A droopy eyelid may be an acquired condition or it may present since childhood. In congenital cases, the person was born with a weak levator muscle which is the muscle responsible for raising the upper eyelid. Other people have a droopy eyelid because of trauma or previous eye surgeries. However, the most common cause is stretching of the levator muscle; this is known as aponeurotic ptosis in medical terms. Simply stated, the muscle has stretched and lost its strength, like a garage door with a loose chain.
Patients with droopy eyelids look tired or sleepy. They may experience recurrent headaches or may have difficulty reading and carrying out their jobs. Ptosis is one of the most common conditions treated by eyelid specialists.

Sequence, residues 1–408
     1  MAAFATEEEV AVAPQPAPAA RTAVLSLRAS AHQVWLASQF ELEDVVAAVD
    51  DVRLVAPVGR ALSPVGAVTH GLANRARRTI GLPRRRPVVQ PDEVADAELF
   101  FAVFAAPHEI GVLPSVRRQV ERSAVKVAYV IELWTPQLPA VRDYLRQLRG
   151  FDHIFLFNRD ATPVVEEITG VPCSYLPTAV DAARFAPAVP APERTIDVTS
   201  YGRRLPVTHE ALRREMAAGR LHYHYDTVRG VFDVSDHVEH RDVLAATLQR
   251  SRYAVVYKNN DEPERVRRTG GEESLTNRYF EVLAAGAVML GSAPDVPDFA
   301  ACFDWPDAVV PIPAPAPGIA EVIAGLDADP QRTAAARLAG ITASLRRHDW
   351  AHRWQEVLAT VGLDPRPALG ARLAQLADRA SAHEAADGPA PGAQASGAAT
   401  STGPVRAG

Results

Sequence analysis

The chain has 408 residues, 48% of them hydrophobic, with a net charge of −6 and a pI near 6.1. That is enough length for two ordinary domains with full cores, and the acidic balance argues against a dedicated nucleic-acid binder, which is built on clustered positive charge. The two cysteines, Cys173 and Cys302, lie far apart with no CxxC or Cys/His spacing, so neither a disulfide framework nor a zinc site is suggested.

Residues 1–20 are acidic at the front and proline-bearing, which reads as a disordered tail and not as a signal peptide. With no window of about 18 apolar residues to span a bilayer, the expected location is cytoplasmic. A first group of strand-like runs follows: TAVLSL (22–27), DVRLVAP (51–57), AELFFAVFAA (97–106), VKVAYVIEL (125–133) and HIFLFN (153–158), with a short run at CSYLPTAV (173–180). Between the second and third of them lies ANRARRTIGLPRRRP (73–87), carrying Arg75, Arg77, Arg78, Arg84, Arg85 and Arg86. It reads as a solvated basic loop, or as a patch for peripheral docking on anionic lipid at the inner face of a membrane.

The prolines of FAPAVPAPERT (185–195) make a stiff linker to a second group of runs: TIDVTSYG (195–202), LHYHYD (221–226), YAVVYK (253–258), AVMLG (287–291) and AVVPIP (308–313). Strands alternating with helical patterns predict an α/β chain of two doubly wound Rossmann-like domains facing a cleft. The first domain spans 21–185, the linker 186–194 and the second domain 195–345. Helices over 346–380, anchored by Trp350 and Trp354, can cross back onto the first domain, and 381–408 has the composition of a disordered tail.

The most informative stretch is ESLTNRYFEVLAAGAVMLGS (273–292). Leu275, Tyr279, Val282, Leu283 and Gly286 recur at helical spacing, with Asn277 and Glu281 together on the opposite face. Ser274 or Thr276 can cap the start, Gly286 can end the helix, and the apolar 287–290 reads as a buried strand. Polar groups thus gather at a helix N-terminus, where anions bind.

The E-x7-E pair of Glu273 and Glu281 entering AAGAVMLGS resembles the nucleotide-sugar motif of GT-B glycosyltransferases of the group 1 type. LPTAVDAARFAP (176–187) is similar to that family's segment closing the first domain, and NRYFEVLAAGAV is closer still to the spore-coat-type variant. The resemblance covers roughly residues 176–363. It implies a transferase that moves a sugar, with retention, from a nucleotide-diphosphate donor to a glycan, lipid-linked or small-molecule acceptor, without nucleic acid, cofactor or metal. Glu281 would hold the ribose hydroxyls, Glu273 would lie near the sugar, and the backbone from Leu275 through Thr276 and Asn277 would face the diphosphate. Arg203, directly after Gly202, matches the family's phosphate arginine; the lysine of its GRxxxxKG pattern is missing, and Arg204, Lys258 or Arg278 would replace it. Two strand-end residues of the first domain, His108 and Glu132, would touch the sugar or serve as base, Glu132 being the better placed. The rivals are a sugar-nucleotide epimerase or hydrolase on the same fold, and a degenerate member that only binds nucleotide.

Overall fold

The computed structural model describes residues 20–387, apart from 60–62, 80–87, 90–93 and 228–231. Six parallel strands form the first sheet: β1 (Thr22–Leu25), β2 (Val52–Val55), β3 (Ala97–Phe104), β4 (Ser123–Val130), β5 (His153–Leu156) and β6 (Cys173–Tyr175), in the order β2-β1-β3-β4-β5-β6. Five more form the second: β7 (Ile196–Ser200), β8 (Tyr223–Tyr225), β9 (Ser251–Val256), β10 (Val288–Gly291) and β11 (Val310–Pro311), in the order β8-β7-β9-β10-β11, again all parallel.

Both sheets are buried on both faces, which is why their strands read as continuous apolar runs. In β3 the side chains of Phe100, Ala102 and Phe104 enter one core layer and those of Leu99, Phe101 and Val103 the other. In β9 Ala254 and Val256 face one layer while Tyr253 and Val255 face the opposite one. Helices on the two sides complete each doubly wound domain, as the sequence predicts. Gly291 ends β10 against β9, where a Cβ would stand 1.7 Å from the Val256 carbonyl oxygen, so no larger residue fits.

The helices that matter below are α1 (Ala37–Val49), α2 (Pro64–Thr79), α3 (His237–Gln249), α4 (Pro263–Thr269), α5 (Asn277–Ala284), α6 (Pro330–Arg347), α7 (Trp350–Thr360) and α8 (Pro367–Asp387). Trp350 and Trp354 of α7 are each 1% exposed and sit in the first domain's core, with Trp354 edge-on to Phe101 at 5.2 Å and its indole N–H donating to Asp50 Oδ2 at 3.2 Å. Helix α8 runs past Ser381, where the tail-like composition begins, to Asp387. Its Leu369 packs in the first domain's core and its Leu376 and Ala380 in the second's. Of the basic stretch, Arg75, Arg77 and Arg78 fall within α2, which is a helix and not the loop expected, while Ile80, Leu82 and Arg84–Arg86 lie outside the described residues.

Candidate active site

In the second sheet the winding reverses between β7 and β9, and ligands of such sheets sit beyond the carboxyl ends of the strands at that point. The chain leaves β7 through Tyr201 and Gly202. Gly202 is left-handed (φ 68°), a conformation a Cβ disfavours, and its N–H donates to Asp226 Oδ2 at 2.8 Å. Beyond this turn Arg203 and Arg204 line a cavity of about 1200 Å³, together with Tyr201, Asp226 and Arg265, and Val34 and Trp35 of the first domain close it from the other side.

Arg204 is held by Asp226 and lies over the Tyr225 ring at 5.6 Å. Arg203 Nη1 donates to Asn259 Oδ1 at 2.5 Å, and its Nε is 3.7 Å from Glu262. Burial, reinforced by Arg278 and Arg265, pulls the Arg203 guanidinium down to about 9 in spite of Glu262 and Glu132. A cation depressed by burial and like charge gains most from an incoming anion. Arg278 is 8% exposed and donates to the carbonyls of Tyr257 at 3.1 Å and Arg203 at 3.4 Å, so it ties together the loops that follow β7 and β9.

The Surgery: This is an outpatient procedure, so you will be able to go home the same day of the operation. During the surgery, you will be under the care of an anesthesiologist, who will use a type of anesthesia that does not require intubation and offers more comfort and a quicker recovery, with a small risk of nausea. You will experience little pain after the surgery, although some degree of discomfort is normal. Most patients can return to work within a week.
Visual rehabilitation after ptosis surgery: Restoring the function of the levator muscle should increase your visual field by removing the obstruction caused by the droopy eyelids. Most patients notice a broader field of vision, less eye fatigue, and a rested appearance.